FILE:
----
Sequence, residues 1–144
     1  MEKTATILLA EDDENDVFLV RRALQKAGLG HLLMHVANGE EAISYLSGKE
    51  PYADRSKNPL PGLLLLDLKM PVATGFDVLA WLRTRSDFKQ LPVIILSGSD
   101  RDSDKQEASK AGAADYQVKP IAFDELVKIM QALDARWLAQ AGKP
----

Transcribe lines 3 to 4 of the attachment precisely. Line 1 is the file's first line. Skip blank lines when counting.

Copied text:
    51  PYADRSKNPL PGLLLLDLKM PVATGFDVLA WLRTRSDFKQ LPVIILSGSD
   101  RDSDKQEASK AGAADYQVKP IAFDELVKIM QALDARWLAQ AGKP